Critical Covid-19 patient in Hyderabad administered 'experimental' plasma therapy

Published May 3, 2020
The Sindh government had earlier allowed three hospitals in the province to carry out clinical trials for plasma therapy.  — AFP/File
The Sindh government had earlier allowed three hospitals in the province to carry out clinical trials for plasma therapy. — AFP/File

A critical coronavirus patient in Hyderabad has been administered an experimental therapy involving injecting convalescent plasma for passive immunisation to treat the disease, it emerged on Sunday.

The development was confirmed by the Liaquat University Hospital (LUH) isolation ward's focal person Dr Aftab Hussain Phull.

Does plasma therapy treat Covid? Is it safe? Here's all you need to know about the approach

The plasma — donated by a recovered coronavirus patient to the Diagnostic and Research Laboratory at the Liaquat University of Medical and Health Sciences — was administered to a patient under treatment at the isolation ward.

"He was given the plasma after managing his condition as best as possible under the given circumstances," Phull said.

On April 30, the Sindh government had allowed three hospitals in the province to carry out clinical trials for the “experimental use of Covid-19 convalescent plasma for passive immunisation".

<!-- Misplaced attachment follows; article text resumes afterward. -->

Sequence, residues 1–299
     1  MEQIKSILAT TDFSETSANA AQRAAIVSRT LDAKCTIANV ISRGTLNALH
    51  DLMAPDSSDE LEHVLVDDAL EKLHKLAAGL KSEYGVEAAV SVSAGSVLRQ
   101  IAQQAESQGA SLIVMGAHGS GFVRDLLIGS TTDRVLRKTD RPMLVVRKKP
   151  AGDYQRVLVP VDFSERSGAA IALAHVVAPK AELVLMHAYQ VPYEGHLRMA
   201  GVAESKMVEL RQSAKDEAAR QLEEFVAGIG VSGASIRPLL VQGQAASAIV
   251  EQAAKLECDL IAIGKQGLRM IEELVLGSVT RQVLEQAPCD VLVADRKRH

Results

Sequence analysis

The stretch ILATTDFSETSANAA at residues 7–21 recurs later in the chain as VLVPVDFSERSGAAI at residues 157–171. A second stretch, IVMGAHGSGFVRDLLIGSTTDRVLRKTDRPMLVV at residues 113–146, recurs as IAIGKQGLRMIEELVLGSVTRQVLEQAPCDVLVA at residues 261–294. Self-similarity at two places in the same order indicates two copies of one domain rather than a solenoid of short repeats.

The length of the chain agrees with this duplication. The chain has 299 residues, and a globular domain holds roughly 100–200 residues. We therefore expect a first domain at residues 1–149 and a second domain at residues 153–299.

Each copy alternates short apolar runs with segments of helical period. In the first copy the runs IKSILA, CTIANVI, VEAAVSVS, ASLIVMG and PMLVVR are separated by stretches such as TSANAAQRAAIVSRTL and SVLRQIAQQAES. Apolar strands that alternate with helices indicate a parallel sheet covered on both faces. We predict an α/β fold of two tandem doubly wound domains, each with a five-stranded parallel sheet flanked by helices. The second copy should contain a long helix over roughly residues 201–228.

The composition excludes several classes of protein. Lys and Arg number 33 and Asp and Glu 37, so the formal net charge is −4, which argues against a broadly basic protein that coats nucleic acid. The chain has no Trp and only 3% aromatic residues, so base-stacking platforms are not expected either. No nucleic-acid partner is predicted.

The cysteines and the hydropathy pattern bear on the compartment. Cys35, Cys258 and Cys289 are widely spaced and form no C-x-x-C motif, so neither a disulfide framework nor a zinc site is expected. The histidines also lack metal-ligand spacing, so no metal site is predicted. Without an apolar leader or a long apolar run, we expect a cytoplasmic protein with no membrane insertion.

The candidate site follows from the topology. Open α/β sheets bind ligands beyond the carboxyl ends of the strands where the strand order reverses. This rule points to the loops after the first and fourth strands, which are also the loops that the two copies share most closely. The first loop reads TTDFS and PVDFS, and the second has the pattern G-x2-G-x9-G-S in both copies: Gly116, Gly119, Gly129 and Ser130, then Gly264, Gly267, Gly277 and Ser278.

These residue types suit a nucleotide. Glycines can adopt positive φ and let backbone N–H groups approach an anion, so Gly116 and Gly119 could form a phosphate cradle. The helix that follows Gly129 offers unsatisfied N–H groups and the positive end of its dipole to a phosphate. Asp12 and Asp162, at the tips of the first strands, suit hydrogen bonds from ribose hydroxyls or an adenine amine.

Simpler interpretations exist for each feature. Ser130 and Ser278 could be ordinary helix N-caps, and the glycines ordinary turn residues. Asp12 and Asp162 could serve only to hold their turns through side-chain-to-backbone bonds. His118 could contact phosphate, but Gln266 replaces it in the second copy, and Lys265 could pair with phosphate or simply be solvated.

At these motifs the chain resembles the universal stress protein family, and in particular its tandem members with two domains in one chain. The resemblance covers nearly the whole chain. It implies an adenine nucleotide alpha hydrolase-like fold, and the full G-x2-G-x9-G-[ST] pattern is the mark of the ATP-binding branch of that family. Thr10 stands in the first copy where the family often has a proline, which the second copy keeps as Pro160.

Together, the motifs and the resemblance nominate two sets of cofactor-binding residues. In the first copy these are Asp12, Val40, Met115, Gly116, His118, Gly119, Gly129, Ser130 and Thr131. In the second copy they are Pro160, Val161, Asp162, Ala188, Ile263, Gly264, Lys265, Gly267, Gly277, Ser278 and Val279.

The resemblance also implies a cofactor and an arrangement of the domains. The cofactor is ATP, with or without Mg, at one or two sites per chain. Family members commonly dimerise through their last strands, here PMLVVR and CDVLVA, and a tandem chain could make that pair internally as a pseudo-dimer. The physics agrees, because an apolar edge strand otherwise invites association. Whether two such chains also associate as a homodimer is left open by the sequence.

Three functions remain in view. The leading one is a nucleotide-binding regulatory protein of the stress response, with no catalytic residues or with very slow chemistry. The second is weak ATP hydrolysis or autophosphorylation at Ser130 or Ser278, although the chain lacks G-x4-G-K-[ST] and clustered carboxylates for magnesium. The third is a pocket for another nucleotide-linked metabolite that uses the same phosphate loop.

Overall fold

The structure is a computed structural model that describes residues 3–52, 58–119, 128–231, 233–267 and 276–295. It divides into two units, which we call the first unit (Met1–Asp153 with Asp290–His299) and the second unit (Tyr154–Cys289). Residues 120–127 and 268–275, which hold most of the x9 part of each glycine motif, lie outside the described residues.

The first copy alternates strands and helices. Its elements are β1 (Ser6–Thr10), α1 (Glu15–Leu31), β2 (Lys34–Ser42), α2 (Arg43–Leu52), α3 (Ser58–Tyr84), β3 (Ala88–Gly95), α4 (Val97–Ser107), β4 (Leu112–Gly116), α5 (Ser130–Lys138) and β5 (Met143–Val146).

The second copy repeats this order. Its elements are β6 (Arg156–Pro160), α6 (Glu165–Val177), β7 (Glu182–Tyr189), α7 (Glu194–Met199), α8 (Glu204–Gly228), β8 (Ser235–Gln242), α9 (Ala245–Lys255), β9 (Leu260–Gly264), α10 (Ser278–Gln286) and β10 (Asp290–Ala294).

The hospitals included the Dr Ruth Pfau Civil Hospital in Karachi, the National Institute of Blood Diseases (NIBD) in Karachi and LUH, a government facility in Hyderabad.

Prior to this, the government had approved clinical trials for plasma therapy in addition to approving locally made ventilators for treating critically ill patients and granting permission for manufacturing sanitisers and producing chloroquine.

What is plasma therapy?

The experimental therapy involves collecting blood from someone who has recovered from Covid-19 and transfusing separated plasma to a critically sick patient; plasma is the clear part of blood that is left when blood cells have been removed and contains antibodies and other proteins.

The transfusion of plasma with its antibodies provides a form of 'passive immunity' to the sick recipient to fight the infection.

The protection offered by passive immunisation, however, is short-lived, usually lasting only a few weeks or months.

The science behind plasma therapy and passive immunisation is not new; the concept has been widely applied for treating different infectious diseases including mumps, measles and polio.

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